Marc Stein of ESPN.com listed the Utah Jazz at No. 25 in his offseason power rankings. Bleacher Report's Josh Martin had them ranked at 27. But I'm not sold on this crop of talented, young players ending up as one of the five or six worst teams in the NBA.
Sure, their reasoning behind the Jazz being bad this season makes sense. First off, they're young. The average age of the presumed starting five of Trey Burke, Alec Burks, Gordon Hayward, Derrick Favors and Enes Kanter is under 22. They're also unproven, as Hayward is the only one of the group who has averaged over 24 minutes a game in the NBA.
But those weaknesses are the kind that can naturally be resolved in time. Beyond them, there lies a great deal of talent. Once Burke, Burks, Hayward, Favors and Kanter develop some chemistry and learn from a few bumps and bruises, they'll start to win some games.
While Utah's final record may put the Jazz near the bottom of an ultra-competitive Western Conference, I don't expect them to look like one of the worst teams in the league in 2013-14. In fact, I wouldn't be surprised to see them win about as many games as they lose after the All-Star break.
Now let's get back to that talent and why I think it will equate to success.
Gordon Hayward, Point Forward
It's not even a real position, but coaches who've used point forwards would likely tell you it's a nifty thing to have. It's just not very common because it requires a unique player—someone with the size and scoring ability of a forward, combined with the vision and playmaking of a point guard.
Lamar Odom and Hedo Turkoglu have done it in the past. LeBron James and Andre Iguodala are doing it now. Hayward could be next.
The 23-year-old "veteran" is going to have a lot of responsibility this year. Count me among those who are confident that he'll rise to the challenge.
It's one that will require him to do more than just score. During media day and the first few practices of training camp, Hayward's potential as a playmaker has been a hot topic among coaches and management.
KFAN's Kyle Gunther tweeted coach Tyrone Corbin's thoughts about Hayward on media day:
Corbin says the ball will be in Gordon Hayward's hands more than ever before and he wants to see growth on both ends of the floor from him.— KYLE F GUNTHER (@GuntherKFAN) September 30, 2013
The first few days of Jazz training camp have been evidence that the team is serious about going in this direction. If Hayward can successfully make the transition, it will help every other player wearing a Jazz uniform.
One of the reasons that Miami's Dwyane Wade and Chris Bosh shot over 50 percent last year was that LeBron made the game easier for them by setting them up for wide-open looks. Ty Lawson had the best year of his career thanks in part to Iguodala taking the pressure off of him by shouldering some playmaking responsibility. In Orlando, Turkoglu fed Rashard Lewis in pick-and-pops and Dwight Howard in pick-and-rolls. Odom led the Lakers in assists in 2005-06—the same season that Kobe Bryant averaged a career-high 35.4 points.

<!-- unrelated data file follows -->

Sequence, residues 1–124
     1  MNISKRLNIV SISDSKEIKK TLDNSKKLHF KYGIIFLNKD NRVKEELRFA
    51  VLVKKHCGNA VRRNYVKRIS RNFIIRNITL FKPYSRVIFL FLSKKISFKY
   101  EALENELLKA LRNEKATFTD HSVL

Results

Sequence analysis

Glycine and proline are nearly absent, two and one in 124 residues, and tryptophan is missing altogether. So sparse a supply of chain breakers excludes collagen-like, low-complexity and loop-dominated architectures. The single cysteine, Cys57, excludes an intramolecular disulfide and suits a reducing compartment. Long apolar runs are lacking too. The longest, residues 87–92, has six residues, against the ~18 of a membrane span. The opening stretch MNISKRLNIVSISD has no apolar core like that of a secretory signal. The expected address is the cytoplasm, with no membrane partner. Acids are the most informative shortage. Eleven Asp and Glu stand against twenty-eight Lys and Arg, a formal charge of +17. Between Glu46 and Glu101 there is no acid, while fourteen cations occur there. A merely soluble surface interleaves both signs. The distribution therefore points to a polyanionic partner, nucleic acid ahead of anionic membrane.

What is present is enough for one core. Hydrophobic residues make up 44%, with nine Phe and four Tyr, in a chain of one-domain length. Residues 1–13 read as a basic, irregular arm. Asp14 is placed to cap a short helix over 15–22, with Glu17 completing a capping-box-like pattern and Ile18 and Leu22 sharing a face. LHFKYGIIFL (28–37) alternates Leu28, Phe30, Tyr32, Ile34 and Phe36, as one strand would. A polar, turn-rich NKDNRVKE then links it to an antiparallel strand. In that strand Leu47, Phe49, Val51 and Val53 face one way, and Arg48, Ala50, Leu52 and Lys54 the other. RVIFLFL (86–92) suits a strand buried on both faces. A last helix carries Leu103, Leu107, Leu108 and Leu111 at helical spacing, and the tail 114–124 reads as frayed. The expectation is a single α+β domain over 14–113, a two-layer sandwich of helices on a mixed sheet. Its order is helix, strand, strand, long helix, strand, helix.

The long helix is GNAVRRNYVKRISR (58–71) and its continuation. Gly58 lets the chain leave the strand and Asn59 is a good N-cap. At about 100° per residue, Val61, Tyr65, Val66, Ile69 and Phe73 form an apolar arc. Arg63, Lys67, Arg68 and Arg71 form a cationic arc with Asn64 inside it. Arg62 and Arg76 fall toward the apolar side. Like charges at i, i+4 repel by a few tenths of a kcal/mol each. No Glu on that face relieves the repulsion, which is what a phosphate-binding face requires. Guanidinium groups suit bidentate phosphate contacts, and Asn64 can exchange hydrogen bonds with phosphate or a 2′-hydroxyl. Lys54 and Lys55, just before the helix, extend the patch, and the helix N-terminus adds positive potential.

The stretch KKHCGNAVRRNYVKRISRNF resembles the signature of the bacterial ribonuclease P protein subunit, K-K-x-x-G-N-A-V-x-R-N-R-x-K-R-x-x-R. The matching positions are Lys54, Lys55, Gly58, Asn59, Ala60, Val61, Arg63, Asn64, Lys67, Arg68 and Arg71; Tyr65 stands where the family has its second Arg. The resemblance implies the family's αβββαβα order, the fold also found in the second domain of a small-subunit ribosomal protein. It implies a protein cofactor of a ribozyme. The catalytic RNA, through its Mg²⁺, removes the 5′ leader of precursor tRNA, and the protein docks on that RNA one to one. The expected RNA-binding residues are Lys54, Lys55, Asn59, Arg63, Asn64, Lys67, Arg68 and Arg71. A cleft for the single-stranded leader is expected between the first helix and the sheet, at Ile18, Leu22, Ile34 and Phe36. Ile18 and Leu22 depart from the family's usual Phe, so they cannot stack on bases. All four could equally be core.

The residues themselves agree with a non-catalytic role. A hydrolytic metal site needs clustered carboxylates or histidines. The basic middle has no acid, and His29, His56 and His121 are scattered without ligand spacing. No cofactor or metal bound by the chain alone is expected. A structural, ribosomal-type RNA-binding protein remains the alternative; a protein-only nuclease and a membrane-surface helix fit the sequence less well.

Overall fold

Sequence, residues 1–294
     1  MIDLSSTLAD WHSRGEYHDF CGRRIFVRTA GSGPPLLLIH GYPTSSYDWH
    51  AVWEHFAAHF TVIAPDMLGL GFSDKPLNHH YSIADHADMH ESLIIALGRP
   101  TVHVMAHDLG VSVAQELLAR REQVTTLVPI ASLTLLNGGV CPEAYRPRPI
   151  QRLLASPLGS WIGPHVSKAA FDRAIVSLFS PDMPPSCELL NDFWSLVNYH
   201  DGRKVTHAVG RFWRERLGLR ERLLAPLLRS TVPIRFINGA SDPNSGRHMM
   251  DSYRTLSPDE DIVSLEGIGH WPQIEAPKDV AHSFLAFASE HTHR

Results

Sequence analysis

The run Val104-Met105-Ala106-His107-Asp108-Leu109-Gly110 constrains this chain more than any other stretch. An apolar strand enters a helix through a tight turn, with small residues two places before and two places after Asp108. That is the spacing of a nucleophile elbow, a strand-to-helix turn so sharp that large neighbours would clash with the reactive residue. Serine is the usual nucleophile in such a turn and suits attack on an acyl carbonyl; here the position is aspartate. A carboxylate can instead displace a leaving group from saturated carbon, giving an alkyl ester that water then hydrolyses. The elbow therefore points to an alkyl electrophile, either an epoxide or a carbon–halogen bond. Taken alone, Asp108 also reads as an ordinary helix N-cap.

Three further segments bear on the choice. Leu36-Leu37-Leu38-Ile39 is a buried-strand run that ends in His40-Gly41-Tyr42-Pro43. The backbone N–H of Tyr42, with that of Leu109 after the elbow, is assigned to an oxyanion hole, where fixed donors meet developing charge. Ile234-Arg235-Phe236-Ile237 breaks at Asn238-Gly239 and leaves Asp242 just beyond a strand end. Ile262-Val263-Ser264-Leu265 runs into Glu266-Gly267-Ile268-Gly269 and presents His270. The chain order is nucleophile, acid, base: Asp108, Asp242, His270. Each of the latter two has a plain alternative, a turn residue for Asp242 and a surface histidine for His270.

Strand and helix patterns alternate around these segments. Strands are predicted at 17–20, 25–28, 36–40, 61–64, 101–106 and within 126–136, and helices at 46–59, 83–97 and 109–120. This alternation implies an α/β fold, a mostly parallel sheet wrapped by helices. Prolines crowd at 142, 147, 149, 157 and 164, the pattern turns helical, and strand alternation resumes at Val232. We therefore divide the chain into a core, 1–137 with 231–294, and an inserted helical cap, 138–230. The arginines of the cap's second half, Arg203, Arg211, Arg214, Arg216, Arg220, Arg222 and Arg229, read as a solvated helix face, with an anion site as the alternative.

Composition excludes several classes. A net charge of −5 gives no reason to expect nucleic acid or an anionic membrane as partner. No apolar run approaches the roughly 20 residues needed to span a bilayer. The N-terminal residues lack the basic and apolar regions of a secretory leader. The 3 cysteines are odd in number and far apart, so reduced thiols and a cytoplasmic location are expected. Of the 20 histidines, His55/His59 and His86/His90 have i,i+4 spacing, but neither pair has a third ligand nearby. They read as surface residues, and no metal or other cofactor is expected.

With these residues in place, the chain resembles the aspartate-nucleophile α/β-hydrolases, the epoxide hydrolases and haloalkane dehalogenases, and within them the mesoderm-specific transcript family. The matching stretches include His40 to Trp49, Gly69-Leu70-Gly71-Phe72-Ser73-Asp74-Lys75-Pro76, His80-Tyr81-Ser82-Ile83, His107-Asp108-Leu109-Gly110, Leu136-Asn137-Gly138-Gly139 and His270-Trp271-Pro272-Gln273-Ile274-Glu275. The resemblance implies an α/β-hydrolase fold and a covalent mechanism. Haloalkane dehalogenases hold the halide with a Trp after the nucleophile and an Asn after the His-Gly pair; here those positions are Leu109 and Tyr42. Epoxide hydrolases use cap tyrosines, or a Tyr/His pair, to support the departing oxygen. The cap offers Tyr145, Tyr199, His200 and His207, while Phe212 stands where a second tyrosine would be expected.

Long story, short: Hayward has an opportunity to make his teammates better. He already has the skills to do it, but he just hasn't been asked to use them in this role yet.
Watch the following videos in their entirety to get a sense of just how underrated Hayward is overall—especially in terms of his athleticism. For now, though, let's focus on the point forward skills that are on display in these highlight reels.
At the 2:21 mark of the first video, the 6'8" Hayward strings together a nice behind-the-back dribble with a spin move to completely throw the defender—who happens to be a point guard—off balance. From about 2:43 to 2:57, you get a few more examples of Hayward's playmaking ability. The one-handed, on-the-run bounce pass through multiple defenders that hits a cutter in stride for a layup is particularly impressive.
At the 1:21 mark of the next highlight reel, we see an example of Hayward perfectly operating a pick-and-roll with Paul Millsap. As Jason Terry goes over the screen and Brandon Bass tries to show and trap, Hayward splits them with a quick, low left-to-right crossover. As soon as Kevin Garnett steps up to help the two defenders who just got beat, Hayward hits the cutting Millsap for a layup.
Kanter and Favors are going to be on the receiving end of plenty of dimes just like the one that Millsap finished there. And defenses respecting Hayward's ability to dump off the ball will make it easier for him to score.
Like John Stockton told Trey Burke, "The better passer you are, the better scorer you'll be."
The Return of the Mailman
No, Karl Malone is not suiting up this season and neither Kanter nor Favors has the offensive arsenal of the NBA's all-time second-leading scorer. But combined, they make for a scary inside presence on both ends of the court—something that a lot of teams in today's smaller NBA aren't equipped to counter.
Allow me to explain the notion of combining Favors and Kanter's offensive games. Malone dominated opposing defenses by being able to finish at the rim with authority while also possessing the shooting range to pull bigs away from the rim. Favors can provide the finishing—Kanter the range.
Favors' physical tools were the biggest reason he was the No. 3 overall pick in 2010 and he uses them well around the rim. He's 6'10" and 250 pounds, with a 7'4" wingspan and a 36-inch vertical leap. When that kind of size moves that explosively toward the hoop, it's tough to stop. If you don't believe me, just watch:
As for the range of Kanter, it's the perfect complement for the attacking Favors. Opposing centers will have to guard Kanter all the way out to the three-point line, making the lane a lot less crowded for the rest of the Jazz. Last season, Kanter shot over 46 percent on nearly 200 attempts from beyond 16 feet. That's a better percentage than both Chris Bosh and LaMarcus Aldridge from that range.